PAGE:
Positive Impressions of CEOs Boost IPO Prices
Research by Michigan Ross Professor Greg Miller shows the importance of first impressions to investors.
Common wisdom puts a lot of importance on first impressions. New research from Michigan Ross backs that up.
Professor Greg Miller and two colleagues, both former Ross PhD students, found that intuitive positive impressions of management leads to higher IPO prices. They made use of a huge database of saved IPO “roadshow” management presentations and found a strong correlation with higher first-day trading prices.
“The bottom line here is that people’s intuitive assessment of management ends up in price,” says Miller, Ernst & Young Professor of Accounting. “We don’t know if it’s conscious or unconscious, but somehow they are judging the quality of the person and it’s reflected in the stock.”
Miller and co-authors Elizabeth Blankespoor, PhD ’12, of Stanford University and Bradley Hendricks, PhD ‘15, of Kenan-Flagler Business School at the University of North Carolina, present their findings in the working paper “Perceptions and Price: Evidence from CEO Presentations at IPO Roadshows.”
Miller, Hendricks, and Blankespoor wanted to find out whether positive or negative impressions of management mattered when it came to stock prices. The best way to determine that was through the IPO process. There’s a limited time during that process when management can publicly present data, and market reaction is easy to track. A relatively new law requires firms to post a video of IPO roadshows for a few weeks of the process, and Hendricks captured these videos over a period of more than four years.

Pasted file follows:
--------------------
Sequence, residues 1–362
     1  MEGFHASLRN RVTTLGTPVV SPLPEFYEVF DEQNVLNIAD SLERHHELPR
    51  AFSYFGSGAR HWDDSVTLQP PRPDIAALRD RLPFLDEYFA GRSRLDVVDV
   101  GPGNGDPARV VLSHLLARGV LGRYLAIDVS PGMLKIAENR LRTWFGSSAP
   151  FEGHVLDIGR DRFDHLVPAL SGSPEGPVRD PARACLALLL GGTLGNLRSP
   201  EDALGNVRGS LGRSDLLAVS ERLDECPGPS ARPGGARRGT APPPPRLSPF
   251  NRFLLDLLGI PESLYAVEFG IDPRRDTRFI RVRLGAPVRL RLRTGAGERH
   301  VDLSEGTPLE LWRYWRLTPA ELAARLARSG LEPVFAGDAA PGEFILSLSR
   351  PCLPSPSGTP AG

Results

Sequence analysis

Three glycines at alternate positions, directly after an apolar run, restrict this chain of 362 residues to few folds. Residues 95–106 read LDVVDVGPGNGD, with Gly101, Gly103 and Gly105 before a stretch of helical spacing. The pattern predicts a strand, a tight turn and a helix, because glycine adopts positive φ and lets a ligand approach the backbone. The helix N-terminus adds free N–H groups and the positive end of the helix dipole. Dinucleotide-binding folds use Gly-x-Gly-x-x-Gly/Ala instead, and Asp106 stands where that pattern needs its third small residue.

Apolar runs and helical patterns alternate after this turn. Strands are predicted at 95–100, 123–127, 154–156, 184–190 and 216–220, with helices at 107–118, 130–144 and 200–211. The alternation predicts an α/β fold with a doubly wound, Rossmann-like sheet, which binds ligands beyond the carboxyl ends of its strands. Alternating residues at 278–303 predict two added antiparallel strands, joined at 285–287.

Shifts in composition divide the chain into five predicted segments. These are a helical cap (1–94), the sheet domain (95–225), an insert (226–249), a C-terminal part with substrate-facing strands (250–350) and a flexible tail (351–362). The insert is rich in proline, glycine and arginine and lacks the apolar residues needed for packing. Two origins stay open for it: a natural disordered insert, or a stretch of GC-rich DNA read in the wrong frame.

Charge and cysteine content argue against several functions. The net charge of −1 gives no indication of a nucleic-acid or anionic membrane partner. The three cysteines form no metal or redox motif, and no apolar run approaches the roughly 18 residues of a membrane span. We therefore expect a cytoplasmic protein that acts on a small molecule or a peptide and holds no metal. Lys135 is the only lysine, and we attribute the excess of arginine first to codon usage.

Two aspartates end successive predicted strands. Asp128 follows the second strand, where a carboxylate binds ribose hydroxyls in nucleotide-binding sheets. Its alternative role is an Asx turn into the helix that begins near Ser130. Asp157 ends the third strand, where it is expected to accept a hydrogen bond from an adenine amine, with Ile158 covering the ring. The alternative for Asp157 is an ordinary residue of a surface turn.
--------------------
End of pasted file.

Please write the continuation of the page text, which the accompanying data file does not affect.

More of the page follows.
In the experiment, the authors created three 10-second clips from randomly selected IPO videos. These clips were taken from the first five minutes of the presentation so that the executives looked as fresh as possible. They then stripped all context from the viewers — the sound was modified at low and high frequency to retain tone, but blocked all words. Participants rating the videos didn’t know where the clips originated or about the people in them.
They were simply asked to rate the people in the video on competence, trustworthiness, and attractiveness. The researchers then combined these ratings to get an overall measure of perceptions of management.
Miller and his co-authors found a positive correlation between how the executives in the video clips were rated and final firm IPO valuation, proposed valuation, and price revisions. Companies with highly rated impressions of managers also secured higher-quality underwriters than those who rated poorly.
“There was no evidence before of whether investors used intuition to judge the quality of management — whether on purpose or not — in a way that’s reflected in firm value,” Miller says. “Our study suggests this occurs.”
The question now is what to do with that information. Should executives on IPO roadshows be coached so they’re viewed more positively? If this is an unconscious process, would that even make a difference?
“One of the obvious follow-up questions is that now that we’ve seen this is in the price, is it something that can be taught?” Miller wonders. “We don’t have any evidence one way or another, although the literature would suggest these are things we do subconsciously. Can you really train away inherent characteristics? We answered one question, but we opened up a few more.”
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